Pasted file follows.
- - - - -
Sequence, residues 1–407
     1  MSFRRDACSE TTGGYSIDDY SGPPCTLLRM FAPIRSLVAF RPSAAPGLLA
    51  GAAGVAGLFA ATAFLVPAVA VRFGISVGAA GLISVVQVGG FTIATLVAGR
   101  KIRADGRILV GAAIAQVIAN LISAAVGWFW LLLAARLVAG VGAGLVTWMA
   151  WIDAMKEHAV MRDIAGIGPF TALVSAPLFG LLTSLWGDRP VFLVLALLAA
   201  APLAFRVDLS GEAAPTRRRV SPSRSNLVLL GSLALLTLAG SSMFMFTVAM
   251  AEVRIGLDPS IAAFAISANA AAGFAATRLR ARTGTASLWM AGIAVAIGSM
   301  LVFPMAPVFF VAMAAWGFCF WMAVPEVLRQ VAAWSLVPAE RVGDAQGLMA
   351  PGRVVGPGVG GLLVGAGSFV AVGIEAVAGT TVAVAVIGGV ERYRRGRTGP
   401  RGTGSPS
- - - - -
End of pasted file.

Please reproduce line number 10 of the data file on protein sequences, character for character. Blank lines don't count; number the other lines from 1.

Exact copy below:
   401  RGTGSPS